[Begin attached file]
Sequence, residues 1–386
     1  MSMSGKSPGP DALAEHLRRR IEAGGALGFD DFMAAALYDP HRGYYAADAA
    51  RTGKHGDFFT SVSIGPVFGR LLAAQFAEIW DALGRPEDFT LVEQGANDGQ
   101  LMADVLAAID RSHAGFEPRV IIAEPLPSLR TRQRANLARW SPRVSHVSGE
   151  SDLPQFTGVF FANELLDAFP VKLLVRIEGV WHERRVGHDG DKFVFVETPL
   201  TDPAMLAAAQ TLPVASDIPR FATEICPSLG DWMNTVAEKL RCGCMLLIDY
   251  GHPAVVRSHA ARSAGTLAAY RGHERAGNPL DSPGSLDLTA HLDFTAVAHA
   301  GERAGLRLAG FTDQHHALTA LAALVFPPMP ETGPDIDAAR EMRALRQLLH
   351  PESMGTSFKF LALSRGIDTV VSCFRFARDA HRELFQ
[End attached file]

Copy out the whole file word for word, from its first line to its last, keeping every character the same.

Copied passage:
Sequence, residues 1–386
     1  MSMSGKSPGP DALAEHLRRR IEAGGALGFD DFMAAALYDP HRGYYAADAA
    51  RTGKHGDFFT SVSIGPVFGR LLAAQFAEIW DALGRPEDFT LVEQGANDGQ
   101  LMADVLAAID RSHAGFEPRV IIAEPLPSLR TRQRANLARW SPRVSHVSGE
   151  SDLPQFTGVF FANELLDAFP VKLLVRIEGV WHERRVGHDG DKFVFVETPL
   201  TDPAMLAAAQ TLPVASDIPR FATEICPSLG DWMNTVAEKL RCGCMLLIDY
   251  GHPAVVRSHA ARSAGTLAAY RGHERAGNPL DSPGSLDLTA HLDFTAVAHA
   301  GERAGLRLAG FTDQHHALTA LAALVFPPMP ETGPDIDAAR EMRALRQLLH
   351  PESMGTSFKF LALSRGIDTV VSCFRFARDA HRELFQ